Letting go of clutter

Elimination of mental disarray leads to clarity 

I once heard a professional organizer describe an orderly home as one in which every object has its own home—its own specific place. To me, as I’ve begun to see that each truly needful object in my home represents a useful spiritual idea, this makes perfect sense. But I didn’t always see it that way.

When I moved into my first home as an adult, I loved every little nook and cranny. But soon it seemed that every little nook and cranny was filled with stuff, such as unwashed clothes and dishes, unread books and magazines, and so on. The biggest issue, though, was unmade decisions—the things that hadn’t yet found a right place. 

It was an older home, and we were trying to steam off many layers of old wallpaper in our dining room, which was right at the front of the house. It looked like a bomb had exploded in that room. No matter how hard I tried, I wasn’t able to get control over the clutter and the dirt. I was frustrated, embarrassed, and filled with self-condemnation. 

Because I am God’s image, my consciousness is, like God, calm and orderly, and my home must reflect that. 

One day a friend from church came to my door unexpectedly. I was so embarrassed by my home that tears began to flow. With tender love and no trace of judgment, she put her arms around me and said, “Oh, Julie, this is not your consciousness!”

At that moment, I felt as if a great weight had been lifted from me. I realized that I had been thinking that if my home represented my consciousness, then my consciousness must be a terrible mess. I had been reasoning from effect to cause rather than cause to effect. My friend, though, had gotten it right. She saw that because I am God’s image, my consciousness is, like God, calm and orderly, and my home must reflect that. 

Did my home turn into a model of order and cleanliness right away? No, but my thought began to shift. I realized that I loved beauty and order and desired to express those qualities in all that I said and did. I remembered a statement Mary Baker Eddy makes in Science and Health with Key to the Scriptures: “Desire is prayer; and no loss can occur from trusting God with our desires, that they may be moulded and exalted before they take form in words and in deeds” (p. 1).

Praying to see myself as the reflection of the one perfect Mind, God, I trusted God with my desire for order. As I grew spiritually, I found greater clarity about how to organize the things that were useful in our home and to let go of the things that were no longer needed.

Is my home completely free of clutter today? Again, no, but clutter no longer rules my life. I’ve come to see that too much stuff and a lack of order go hand in hand. And I’m finding that the elimination of mental disarray leads to clarity about what is really needed in my home. I’ve become more resistant to advertising claims that this or that product is a must-have that will make life better or easier. It’s clear to me that an abundance of things—the result of too much focus on matter—actually imprisons rather than frees us.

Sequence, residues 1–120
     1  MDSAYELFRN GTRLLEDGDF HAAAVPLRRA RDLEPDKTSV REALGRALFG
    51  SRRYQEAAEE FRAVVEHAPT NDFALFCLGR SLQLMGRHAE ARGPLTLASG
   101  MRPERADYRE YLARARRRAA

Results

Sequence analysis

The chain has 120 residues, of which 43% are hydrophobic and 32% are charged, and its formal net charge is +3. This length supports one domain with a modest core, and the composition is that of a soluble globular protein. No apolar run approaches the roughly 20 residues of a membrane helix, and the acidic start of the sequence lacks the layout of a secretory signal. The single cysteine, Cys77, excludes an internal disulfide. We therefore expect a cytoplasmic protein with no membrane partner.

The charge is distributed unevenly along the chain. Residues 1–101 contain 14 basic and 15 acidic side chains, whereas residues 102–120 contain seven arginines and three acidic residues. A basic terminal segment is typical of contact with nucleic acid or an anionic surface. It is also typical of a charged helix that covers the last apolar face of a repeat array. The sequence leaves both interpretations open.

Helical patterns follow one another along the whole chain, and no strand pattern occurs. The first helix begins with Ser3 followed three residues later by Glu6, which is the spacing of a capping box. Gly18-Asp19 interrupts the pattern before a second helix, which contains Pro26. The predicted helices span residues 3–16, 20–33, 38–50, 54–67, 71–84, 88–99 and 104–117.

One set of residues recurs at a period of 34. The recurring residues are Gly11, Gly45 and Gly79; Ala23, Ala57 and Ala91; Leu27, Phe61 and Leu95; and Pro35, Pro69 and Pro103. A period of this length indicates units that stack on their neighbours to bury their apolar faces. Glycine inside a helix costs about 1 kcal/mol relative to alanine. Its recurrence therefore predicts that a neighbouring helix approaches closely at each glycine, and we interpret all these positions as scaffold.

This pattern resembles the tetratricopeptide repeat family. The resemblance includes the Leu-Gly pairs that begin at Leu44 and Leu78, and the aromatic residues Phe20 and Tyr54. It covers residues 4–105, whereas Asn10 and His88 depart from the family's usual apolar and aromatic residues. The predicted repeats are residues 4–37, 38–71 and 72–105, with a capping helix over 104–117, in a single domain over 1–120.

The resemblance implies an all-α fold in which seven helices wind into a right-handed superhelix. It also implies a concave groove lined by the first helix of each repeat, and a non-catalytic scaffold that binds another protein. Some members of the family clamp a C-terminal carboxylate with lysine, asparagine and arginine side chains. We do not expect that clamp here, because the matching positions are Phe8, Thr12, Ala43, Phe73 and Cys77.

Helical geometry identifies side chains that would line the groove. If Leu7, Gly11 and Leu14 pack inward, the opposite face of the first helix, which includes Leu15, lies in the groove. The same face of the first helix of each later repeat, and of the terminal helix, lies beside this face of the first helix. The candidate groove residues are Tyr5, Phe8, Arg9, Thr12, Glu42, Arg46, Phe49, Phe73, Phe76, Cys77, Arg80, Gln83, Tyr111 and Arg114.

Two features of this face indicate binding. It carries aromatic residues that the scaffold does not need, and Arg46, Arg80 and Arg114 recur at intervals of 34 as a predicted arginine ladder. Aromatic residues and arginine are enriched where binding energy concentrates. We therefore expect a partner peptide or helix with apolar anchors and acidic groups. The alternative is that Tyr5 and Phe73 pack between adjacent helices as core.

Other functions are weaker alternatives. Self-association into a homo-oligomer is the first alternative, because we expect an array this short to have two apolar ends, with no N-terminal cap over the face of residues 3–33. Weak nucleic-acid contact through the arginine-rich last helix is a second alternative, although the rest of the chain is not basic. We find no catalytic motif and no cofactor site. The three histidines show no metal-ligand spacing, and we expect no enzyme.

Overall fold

One definition of clutter is “a state or condition of confusion” (dictionary.com). Often, a buildup of too many things in our homes is the result of decisions we’ve put off, partly because we’re not clear about what constitutes fulfillment, happiness, and security.

As we begin to see God as the only Mind—as our only Mind—confusion and indecision are replaced by clarity. We discover fulfillment and security as the result of deeper spiritual understanding. We stop reasoning along the lines of “I might need this one day,” and trust that God will always meet our needs. We know the thoughts we need, so we can recognize the things we need and those we don’t, and can let the latter go.

Christ Jesus understood this. Because he perceived and acknowledged his oneness with his Father, he wasn’t hindered by mental clutter or burdened by material things. He said, “A man’s life consisteth not in the abundance of the things which he possesseth” (Luke 12:15). And he trusted God, who is infinite Love, to supply each right idea precisely as it was needed.

God, infinite Principle, creates and maintains the relation of all of His ideas in perfect balance and order. Principle is utterly efficient. It doesn’t pass through cycles of accumulating and purging. It ensures that there can never be too much or too little of anything right or good. Each idea has its own true purpose and specific place.

As we identify ourselves more consistently as the expression of Principle, our thought is less disordered by fear, pride, or condemnation—valueless modes of thought. We find that our thoughts and actions become more stable and wise. We become less impulsive, more willing to pause and ask God about what to obtain and keep and what to reject or dispose of. We are satisfied. Then our homes become havens of joy and peace.

Our Life is God, and Life includes health, abundance, and freedom. Life is never stuck in the past or fearful about the future. Because of this, we can let go of mental and physical clutter. We can replace confusion with the clarity of perfect Mind. And we can do it today!

TeenConnect: My church
Finding my way back to Sunday School
May 16, 2022

We'd love to hear from you!

Easily submit your testimonies, articles, and poems online.